Illustration of Jack Worthing in a top hat and formal attire, and a concerned expression on his face

The Importance of Being Earnest

by Oscar Wilde
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In Oscar Wilde's "The Importance of Being Earnest," are the women presented as victims of the men's schemings?

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I think someone would be hard-pressed to find much evidence that the women in this play are presented as victims. If anything, I think they wield more power than the men do. Lady Bracknell, for example, behaves absolutely imperiously, and Gwendolen acknowledges how her father is actually very little known...

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I think someone would be hard-pressed to find much evidence that the women in this play are presented as victims. If anything, I think they wield more power than the men do. Lady Bracknell, for example, behaves absolutely imperiously, and Gwendolen acknowledges how her father is actually very little known outside of their household, as men's proper place is really in the home. This is quite a huge reversal, some situational irony, from what we think of as typical reality during the Victorian era: women were supposed to be the angels in the house while the men cultivated legal, social, political, and economic identities in the community. Cecily has already determined that she and "Ernest" (Algy) are engaged, even before meeting him, and she certainly gets her way (in everything but his name) in the end. Gwendolen gets her way as well, in all things, really. Just as Algernon suggests that women tend to rule their husbands in marriage, it seems likely that Cecily and Gwendolen will do so as well.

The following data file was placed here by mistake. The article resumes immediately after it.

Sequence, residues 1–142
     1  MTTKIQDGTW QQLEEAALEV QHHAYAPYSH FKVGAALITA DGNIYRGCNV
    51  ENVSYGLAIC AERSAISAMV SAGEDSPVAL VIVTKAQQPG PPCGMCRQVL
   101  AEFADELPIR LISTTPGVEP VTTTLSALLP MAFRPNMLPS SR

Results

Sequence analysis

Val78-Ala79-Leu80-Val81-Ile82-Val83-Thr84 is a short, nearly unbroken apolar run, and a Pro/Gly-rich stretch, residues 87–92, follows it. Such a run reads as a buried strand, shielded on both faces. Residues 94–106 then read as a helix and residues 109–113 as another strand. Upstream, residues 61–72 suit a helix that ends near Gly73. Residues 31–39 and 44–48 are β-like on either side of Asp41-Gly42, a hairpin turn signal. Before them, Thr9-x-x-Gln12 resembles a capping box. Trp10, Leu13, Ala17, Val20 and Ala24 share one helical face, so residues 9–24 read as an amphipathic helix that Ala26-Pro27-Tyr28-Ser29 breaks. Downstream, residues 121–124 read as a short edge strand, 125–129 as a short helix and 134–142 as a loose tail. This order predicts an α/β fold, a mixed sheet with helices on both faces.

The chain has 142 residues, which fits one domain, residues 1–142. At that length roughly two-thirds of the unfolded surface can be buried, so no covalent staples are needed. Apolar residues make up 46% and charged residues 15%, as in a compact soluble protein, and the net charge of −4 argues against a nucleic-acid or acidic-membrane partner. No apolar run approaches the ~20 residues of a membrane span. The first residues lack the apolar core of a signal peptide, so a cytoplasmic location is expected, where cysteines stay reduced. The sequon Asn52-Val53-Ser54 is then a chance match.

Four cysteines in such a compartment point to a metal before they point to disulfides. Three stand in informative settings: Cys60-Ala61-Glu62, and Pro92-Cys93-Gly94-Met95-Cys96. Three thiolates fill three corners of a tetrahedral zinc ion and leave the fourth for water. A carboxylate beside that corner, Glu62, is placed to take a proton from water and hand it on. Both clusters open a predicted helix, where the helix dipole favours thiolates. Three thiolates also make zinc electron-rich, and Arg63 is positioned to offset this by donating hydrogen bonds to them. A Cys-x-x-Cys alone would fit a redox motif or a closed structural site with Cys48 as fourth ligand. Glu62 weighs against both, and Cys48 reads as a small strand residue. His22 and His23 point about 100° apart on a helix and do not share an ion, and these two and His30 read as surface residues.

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Women are certainly not presented as victims to the men's schemings in Wilde's The Importance of Being Earnest. In fact, the women seem to be in charge and composed when dealing with the men's antics and lies. The fun irony of the situation is that the girls won't marry men whose names aren't Ernest. In a way, this gives them more control over the men than they know; and, Aunt Augusta isn't taking anyone's word but her own.

The only time the girls are weakened from their positions is when they accept the men back into the realtionships without an apology for the lies. Gwendolen says in Act III that she will not change her views on marrying a man by the name of Ernest by saying, "I never change, except in my affections." To that end Jack is lucky because he finds out that his real birth name was Ernest, but Cecily accepts Algernon even though his lies are revealed. (Cecily's acceptance is inferred because the issue of Algernon's name never comes up again after that; therefore, there is no quote to satisfy the issue.)

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